Persistence of eponyms in Terminologia Histologica.
Ignacio Roa; Bélgica Vásquez & Manuel Contreras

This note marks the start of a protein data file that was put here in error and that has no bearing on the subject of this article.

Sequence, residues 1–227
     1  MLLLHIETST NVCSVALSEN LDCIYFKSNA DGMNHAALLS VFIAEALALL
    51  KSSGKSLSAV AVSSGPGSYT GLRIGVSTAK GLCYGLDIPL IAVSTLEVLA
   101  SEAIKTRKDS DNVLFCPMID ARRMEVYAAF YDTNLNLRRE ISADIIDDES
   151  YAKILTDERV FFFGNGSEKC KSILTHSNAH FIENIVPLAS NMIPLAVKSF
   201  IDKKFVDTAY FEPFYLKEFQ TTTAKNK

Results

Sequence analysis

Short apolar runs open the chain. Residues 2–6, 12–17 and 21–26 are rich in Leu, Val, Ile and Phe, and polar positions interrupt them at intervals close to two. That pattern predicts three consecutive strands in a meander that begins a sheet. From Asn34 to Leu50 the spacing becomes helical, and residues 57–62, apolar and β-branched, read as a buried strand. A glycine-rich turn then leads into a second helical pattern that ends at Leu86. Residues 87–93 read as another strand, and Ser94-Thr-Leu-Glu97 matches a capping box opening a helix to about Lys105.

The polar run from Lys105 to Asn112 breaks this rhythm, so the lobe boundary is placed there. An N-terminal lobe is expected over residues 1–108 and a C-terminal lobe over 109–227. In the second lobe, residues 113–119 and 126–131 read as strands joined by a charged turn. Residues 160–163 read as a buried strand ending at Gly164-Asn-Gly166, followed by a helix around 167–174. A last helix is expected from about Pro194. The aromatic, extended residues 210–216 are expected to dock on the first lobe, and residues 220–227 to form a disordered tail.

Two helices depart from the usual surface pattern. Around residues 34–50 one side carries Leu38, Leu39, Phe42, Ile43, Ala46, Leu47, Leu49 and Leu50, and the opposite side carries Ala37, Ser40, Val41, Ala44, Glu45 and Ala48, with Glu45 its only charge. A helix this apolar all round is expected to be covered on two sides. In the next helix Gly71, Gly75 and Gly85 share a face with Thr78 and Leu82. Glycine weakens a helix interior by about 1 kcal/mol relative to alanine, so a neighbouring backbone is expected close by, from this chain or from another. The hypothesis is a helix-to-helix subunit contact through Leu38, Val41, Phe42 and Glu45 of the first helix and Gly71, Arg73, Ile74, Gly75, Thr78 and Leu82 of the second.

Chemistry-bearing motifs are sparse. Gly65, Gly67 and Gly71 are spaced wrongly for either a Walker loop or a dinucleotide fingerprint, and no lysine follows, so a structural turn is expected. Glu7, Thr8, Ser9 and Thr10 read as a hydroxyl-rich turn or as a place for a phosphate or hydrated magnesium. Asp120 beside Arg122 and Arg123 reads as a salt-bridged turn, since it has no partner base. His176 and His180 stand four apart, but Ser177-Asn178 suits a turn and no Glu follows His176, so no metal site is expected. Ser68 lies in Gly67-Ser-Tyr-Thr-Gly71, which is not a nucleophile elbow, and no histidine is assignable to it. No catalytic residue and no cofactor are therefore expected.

Eponyms are still frequently used among clinicians and scholars to refer to the various structures in histology. Despite efforts by the morphological community to eradicate eponyms from medical language, nowadays they are practical, and even present in Terminologia Histologica (TH), such as in the case of Schannocytus (H2.00.06.2.02003) concerning the term Schwann cell; Complexus golgiensis (H1.00.01.3.0146) relating to the Golgi apparatus, Cellula panethensis (H3.04.03.0.00017) concerning the Paneth cell and Neuron purkinjense (H3.11.03.4.01015), the term Purkinje neuron which refers to researchers Theodor Schwann, Camillo Golgi, Joseph Paneth and Jan Evangelist Purkinje, respectively. The aim of this study was to conduct an analysis of these terms from a linguistic point of view and propose new Latin names, following guidelines established in the terminology wherein the names of structures must, have an informative value, be written in Latin as a base language, and eliminate the use of eponyms. The terms analyzed, refer to cells or organelles names frequently used, they have limited descriptive value, many with purely Greek roots and other neologisms, which names have endured over time in honor of renowned researchers. Using terms from Latin, we propose modifications with respect to classification and derivatives. In conclusion, we hope that with this introduction, the information to consolidate standards will be considered by the experts of the Federal International Committee on Anatomical Terminology and further, initiate a dialogue with International Federation of Associations of Anatomists members, while encouraging ongoing communication between the various players of morphological sciences.